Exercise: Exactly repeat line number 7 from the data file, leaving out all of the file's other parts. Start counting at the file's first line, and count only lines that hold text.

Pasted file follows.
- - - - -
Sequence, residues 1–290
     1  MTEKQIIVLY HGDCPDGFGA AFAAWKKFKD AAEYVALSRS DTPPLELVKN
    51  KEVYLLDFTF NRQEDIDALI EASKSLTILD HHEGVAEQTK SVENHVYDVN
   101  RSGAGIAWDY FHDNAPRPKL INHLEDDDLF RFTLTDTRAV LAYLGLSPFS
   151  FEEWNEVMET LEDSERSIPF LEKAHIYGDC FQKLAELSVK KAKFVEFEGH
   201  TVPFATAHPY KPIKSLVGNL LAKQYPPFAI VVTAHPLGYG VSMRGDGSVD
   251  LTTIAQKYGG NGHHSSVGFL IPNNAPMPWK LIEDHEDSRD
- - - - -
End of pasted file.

   251  LTTIAQKYGG NGHHSSVGFL IPNNAPMPWK LIEDHEDSRD